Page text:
Volvo did a nice job with interior space, but if you have kids, car seats or dogs, you may find that it just isn’t big enough. There are 2 sets of rear seat lower anchors but they will best accommodate forward facing car seats or booster seats. You might be able to fit a rear facing car seat or infant seat behind the passenger’s seat but you’d need to push that seat quite a bit forward. Ideally, this car is for solo or duo drivers and a teen, tween or fur baby. 

Rear seat passengers will find bottle pockets in the doors but not cup holders; as with the front doors, there are no buttons for the windows on the doors; they are on the rear of the center console, as are USB-C ports but not air vents.

The cargo area is cleverly large; it’s deep and there’s a bit of additional storage underneath. The rear seats can be folded for even more room; there is 14 cubic feet of cargo space behind the rear seat and about 32 with the seats folded.

The Rear Of The Volvo Ex30

The rear of the Volvo EX30. Photo: Scotty Reiss

The EX30 Leads Volvo’s Future, and the EX90 3-row SUV

When I first got into the Volvo EX30, I wondered how this car would appeal to the many family drivers in our audience, those who focus on room for the kids, hockey bags, carpools and family vacations. The EX-30 is compact and while it’s big for its size, it’s small. 

It’s great for city drivers who want a zippy drive experience but don’t need a large car. It’s also a great peek into the future of Volvo, including the upcoming EX90, which should arrive mid-2024. This 3-row SUV is expected to have a 300 mile driving range, up to about 500 HP and be slightly longer than the XC90 which has a comfortable 3rd row.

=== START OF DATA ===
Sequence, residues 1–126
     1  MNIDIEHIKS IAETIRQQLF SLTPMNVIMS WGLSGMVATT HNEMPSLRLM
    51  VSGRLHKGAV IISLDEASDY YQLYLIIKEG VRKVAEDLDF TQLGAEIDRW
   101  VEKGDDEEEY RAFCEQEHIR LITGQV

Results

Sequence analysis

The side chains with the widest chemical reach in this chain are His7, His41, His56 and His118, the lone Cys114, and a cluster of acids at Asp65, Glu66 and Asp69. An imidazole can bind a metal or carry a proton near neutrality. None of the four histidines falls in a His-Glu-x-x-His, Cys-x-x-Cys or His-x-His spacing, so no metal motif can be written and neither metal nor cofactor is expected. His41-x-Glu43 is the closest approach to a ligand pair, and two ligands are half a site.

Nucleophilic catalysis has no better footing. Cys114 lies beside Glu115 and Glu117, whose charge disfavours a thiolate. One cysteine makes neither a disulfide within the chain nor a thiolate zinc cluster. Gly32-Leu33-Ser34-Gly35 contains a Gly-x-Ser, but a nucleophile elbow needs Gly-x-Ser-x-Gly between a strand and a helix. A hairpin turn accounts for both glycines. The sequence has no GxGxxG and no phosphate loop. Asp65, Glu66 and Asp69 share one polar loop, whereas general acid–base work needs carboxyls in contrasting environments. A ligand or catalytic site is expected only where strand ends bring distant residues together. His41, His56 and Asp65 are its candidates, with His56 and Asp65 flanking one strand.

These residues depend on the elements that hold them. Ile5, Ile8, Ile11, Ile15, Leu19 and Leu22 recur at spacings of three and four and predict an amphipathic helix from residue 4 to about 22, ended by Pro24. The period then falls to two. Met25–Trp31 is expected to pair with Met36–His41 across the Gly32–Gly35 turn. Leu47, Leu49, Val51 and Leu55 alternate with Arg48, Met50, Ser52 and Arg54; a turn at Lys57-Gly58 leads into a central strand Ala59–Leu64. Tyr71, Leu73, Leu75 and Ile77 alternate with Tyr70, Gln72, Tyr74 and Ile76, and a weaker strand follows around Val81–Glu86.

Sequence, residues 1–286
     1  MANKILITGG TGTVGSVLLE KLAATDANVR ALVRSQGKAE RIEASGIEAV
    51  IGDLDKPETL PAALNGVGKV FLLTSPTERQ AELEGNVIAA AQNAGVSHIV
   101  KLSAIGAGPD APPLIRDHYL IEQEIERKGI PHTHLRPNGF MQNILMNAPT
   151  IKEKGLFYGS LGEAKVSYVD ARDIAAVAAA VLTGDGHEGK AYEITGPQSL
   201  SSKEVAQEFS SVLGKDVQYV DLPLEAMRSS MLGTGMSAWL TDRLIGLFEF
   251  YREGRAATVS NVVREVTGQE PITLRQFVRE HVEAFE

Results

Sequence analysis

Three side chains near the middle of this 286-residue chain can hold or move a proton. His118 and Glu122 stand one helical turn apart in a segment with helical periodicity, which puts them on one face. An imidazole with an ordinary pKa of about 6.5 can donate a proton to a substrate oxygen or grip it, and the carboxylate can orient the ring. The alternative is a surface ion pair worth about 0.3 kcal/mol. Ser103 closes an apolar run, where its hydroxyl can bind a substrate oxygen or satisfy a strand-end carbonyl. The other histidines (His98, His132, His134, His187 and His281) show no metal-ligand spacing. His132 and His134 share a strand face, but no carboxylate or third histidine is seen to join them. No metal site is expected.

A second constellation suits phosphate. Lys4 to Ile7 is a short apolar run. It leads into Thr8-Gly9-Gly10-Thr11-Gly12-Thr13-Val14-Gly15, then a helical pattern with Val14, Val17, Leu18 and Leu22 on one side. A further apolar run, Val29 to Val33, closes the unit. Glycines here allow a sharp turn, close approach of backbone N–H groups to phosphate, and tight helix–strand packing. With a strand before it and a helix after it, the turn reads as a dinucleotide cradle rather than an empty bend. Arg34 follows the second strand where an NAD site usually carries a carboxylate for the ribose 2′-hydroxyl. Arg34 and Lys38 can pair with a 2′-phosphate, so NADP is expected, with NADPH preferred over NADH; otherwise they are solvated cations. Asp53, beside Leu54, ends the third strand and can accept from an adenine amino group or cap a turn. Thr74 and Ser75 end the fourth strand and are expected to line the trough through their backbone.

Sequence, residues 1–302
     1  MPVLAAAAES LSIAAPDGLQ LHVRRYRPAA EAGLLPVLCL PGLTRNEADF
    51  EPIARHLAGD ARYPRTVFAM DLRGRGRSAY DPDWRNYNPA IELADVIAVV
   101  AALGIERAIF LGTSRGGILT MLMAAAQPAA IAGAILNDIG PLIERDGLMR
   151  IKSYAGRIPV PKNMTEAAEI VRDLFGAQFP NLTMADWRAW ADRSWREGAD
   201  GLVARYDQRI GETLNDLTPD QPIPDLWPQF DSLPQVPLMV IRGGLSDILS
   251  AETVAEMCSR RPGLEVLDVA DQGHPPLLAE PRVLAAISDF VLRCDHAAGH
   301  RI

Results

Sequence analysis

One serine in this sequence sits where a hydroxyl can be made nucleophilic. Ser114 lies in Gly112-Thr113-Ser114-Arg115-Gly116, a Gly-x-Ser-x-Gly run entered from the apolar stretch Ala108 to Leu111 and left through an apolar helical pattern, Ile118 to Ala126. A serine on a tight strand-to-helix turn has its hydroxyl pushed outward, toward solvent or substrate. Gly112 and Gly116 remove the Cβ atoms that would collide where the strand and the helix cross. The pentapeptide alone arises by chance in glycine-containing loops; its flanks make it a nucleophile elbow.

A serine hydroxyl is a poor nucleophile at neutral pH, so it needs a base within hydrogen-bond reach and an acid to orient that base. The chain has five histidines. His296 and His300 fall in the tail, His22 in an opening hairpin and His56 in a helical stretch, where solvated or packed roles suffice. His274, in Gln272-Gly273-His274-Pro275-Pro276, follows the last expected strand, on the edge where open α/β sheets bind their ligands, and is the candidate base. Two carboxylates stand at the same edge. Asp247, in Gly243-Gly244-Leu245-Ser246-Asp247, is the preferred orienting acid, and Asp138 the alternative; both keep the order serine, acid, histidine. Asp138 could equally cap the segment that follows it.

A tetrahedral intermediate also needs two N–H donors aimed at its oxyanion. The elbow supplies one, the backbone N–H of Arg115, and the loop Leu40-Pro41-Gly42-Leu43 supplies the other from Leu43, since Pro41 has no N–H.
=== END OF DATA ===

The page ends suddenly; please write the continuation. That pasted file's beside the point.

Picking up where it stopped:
However, its not expected to carry a bargain price tag and may not be as cutting-edge as the EX30— early photos show it with a driver information screen (though it could go without if you ask me) and head up display (which the EX30 could benefit from).

But I really hope it carries the design, materials and technology that define the EX30. The modern simplicity and fun-to-drive experience are refreshing. To drive a car that is more designer atelier than transportation appliance, well, that’s heaven.

Disclosure: I was a guest of Volvo for this test drive. Travel and accommodations were provided but all opinions are my own. Additionally, A Girls Guide to Cars may earn a commission from affiliate links in this story.

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Journalist, entrepreneur and mom. Expertise includes new cars, family cars, 3-row SUVs, child passenger car seats and automotive careers... More about Scotty Reiss